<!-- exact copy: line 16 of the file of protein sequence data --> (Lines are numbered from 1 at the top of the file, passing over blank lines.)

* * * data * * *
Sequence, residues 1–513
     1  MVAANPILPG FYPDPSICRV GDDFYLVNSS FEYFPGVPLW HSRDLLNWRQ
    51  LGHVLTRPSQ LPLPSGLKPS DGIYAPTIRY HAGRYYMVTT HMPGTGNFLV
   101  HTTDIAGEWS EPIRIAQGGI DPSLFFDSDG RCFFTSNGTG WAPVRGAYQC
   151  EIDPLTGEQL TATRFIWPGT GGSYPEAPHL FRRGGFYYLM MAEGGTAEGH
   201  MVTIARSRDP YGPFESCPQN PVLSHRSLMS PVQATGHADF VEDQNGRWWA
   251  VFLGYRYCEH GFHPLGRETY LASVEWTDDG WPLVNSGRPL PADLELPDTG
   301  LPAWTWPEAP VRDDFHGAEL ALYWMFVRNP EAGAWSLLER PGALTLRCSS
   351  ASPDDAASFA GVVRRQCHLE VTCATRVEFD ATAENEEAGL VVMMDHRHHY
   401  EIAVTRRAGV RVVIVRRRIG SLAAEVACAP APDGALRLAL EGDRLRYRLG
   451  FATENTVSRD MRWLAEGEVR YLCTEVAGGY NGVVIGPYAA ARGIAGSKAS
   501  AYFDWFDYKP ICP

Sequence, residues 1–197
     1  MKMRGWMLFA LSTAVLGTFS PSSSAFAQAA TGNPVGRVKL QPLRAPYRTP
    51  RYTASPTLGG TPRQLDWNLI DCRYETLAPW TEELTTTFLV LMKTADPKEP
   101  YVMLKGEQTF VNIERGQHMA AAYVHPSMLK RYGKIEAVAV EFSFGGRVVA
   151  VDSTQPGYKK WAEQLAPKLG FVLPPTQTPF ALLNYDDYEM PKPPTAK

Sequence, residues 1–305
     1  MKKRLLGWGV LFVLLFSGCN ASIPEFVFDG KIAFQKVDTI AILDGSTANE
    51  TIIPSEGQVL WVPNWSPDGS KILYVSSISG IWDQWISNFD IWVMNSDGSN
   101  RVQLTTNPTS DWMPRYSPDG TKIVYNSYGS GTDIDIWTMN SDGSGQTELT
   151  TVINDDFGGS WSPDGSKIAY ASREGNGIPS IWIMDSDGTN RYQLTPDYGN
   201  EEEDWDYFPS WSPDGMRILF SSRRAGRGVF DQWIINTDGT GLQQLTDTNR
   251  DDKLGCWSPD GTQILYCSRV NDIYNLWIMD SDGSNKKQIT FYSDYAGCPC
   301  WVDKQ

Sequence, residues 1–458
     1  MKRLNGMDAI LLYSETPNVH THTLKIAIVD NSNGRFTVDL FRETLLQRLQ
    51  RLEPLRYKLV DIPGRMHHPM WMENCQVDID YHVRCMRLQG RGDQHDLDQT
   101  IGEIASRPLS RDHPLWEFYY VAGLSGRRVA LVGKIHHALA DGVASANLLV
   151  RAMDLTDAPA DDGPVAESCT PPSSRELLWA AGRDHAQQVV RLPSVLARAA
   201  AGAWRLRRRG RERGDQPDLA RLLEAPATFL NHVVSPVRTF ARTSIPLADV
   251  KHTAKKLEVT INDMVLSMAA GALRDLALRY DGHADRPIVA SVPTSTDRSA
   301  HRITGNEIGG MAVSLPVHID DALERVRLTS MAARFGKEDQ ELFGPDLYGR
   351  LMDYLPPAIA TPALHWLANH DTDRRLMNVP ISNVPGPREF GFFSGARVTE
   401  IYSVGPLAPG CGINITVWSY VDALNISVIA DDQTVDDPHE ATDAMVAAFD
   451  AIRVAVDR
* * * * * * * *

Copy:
   101  YVMLKGEQTF VNIERGQHMA AAYVHPSMLK RYGKIEAVAV EFSFGGRVVA